Some of our business partners may use cookies on our site (for example, advertisers). However, we have no access to or control over these cookies and we are not aware of any at present that do so.

Log Files

We use IP addresses to analyse trends, administer the site, track movement, and gather broad demographic information for aggregate use. IP addresses are not linked to personally identifiable information.

Links

This web site contains links to other sites. Please be aware that Mondaq (or its affiliate sites) are not responsible for the privacy practices of such other sites. We encourage our users to be aware when they leave our site and to read the privacy statements of these third party sites. This privacy statement applies solely to information collected by this Web site.

Surveys & Contests

From time-to-time our site requests information from users via surveys or contests. Participation in these surveys or contests is completely voluntary and the user therefore has a choice whether or not to disclose any information requested. Information requested may include contact information (such as name and delivery address), and demographic information (such as postcode, age level). Contact information will be used to notify the winners and award prizes. Survey information will be used for purposes of monitoring or improving the functionality of the site.

Mail-A-Friend

If a user elects to use our referral service for informing a friend about our site, we ask them for the friend’s name and email address. Mondaq stores this information and may contact the friend to invite them to register with Mondaq, but they will not be contacted more than once. The friend may contact Mondaq to request the removal of this information from our database.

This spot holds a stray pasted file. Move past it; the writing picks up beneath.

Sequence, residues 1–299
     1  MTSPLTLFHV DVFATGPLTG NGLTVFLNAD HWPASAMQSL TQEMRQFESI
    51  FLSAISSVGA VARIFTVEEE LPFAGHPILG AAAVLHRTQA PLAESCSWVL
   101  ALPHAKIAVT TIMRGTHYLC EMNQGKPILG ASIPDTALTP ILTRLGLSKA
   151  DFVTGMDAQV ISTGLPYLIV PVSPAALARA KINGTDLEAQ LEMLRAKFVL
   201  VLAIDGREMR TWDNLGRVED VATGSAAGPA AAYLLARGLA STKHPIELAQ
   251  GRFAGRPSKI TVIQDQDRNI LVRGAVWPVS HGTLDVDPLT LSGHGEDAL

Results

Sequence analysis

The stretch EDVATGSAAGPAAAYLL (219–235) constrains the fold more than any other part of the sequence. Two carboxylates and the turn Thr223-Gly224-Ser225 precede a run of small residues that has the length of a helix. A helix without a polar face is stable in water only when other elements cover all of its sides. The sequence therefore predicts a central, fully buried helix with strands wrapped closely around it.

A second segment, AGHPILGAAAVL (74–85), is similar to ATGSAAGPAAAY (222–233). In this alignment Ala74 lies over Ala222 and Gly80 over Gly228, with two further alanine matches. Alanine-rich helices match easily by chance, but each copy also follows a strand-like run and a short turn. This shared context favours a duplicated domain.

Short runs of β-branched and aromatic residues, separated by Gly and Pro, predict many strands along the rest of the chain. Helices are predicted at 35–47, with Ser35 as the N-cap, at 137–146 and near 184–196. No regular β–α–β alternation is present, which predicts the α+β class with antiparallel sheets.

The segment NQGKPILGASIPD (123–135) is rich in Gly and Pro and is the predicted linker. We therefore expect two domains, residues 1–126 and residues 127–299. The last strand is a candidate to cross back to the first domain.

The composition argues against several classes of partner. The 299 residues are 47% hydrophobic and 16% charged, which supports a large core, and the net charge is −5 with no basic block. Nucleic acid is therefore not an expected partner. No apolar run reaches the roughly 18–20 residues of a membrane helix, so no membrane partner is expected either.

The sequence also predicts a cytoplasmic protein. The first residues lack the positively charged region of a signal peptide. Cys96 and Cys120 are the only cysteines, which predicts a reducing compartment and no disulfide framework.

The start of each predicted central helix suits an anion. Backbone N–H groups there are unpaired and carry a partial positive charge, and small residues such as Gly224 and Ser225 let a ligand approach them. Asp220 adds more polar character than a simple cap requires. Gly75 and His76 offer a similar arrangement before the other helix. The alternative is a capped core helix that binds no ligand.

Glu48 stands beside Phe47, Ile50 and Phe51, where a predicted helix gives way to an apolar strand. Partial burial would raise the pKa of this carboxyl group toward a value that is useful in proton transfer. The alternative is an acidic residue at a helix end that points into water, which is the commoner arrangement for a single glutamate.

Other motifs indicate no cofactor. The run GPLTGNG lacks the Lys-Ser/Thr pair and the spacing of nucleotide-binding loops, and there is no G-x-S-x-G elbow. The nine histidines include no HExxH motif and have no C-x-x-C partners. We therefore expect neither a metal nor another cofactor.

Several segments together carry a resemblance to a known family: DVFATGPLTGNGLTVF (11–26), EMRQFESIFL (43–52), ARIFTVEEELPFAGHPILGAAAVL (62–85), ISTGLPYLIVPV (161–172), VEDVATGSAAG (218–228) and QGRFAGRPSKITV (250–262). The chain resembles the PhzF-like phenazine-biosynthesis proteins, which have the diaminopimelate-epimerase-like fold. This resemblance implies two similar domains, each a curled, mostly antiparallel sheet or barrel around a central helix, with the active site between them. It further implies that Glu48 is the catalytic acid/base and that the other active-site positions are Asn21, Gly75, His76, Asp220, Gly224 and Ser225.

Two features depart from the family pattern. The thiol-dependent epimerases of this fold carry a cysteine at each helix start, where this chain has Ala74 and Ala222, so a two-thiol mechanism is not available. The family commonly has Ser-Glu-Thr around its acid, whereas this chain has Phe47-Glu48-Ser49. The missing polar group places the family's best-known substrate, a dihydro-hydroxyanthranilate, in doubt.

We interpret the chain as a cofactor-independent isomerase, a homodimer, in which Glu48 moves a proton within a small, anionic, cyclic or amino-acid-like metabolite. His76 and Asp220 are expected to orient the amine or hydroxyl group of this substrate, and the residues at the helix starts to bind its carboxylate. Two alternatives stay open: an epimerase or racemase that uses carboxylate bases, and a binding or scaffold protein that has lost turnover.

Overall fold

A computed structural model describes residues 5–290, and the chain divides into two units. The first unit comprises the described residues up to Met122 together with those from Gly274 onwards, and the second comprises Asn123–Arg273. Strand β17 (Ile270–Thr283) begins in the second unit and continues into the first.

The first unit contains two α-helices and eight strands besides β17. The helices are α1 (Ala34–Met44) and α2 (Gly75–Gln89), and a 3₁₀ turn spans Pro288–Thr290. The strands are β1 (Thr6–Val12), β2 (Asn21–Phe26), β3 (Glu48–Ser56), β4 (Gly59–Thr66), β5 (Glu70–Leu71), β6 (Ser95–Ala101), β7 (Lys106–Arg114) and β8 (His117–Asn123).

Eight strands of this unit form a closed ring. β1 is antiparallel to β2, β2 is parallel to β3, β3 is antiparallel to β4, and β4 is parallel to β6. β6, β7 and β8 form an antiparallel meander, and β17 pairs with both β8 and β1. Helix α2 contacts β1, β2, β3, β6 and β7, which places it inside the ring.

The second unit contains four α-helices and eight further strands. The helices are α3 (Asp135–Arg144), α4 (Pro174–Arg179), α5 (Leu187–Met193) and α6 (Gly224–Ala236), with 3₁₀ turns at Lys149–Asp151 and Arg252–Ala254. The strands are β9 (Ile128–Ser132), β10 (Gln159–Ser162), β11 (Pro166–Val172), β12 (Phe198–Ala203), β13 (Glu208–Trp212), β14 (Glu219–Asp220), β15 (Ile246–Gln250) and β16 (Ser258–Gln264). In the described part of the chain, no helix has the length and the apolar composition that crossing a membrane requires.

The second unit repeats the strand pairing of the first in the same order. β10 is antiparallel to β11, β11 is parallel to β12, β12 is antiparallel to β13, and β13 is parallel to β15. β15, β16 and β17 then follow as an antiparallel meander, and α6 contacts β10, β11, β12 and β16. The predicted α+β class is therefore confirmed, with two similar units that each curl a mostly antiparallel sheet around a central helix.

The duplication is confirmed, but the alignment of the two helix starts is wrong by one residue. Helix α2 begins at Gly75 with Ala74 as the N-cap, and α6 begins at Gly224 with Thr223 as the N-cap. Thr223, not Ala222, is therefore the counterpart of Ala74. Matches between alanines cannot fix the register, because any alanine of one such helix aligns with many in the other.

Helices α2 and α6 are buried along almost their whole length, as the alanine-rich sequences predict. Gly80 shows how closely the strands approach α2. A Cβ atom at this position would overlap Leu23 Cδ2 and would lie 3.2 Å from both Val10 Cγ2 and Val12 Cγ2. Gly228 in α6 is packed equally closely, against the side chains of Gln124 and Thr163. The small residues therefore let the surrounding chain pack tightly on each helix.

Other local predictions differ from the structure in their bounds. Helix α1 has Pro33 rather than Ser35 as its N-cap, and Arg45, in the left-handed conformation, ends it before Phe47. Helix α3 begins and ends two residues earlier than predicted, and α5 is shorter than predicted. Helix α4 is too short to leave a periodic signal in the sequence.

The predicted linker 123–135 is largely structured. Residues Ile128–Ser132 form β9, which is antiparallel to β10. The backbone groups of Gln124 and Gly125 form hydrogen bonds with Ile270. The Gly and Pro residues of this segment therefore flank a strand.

Emails

From time to time Mondaq may send you emails promoting Mondaq services including new services. You may opt out of receiving such emails by clicking below.

*** If you do not wish to receive any future announcements of services offered by Mondaq you may opt out by clicking here .

Security

This website takes every reasonable precaution to protect our users’ information. When users submit sensitive information via the website, your information is protected using firewalls and other security technology. If you have any questions about the security at our website, you can send an email to webmaster@mondaq.com.

Correcting/Updating Personal Information

If a user’s personally identifiable information changes (such as postcode), or if a user no longer desires our service, we will endeavour to provide a way to correct, update or remove that user’s personal data provided to us. This can usually be done at the “Your Profile” page or by sending an email to EditorialAdvisor@mondaq.com.

Notification of Changes

If we decide to change our Terms & Conditions or Privacy Policy, we will post those changes on our site so our users are always aware of what information we collect, how we use it, and under what circumstances, if any, we disclose it. If at any point we decide to use personally identifiable information in a manner different from that stated at the time it was collected, we will notify users by way of an email. Users will have a choice as to whether or not we use their information in this different manner. We will use information in accordance with the privacy policy under which the information was collected.

How to contact Mondaq

You can contact us with comments or queries at enquiries@mondaq.com.

If for some reason you believe Mondaq Ltd. has not adhered to these principles, please notify us by e-mail at problems@mondaq.com and we will use commercially reasonable efforts to determine and correct the problem promptly.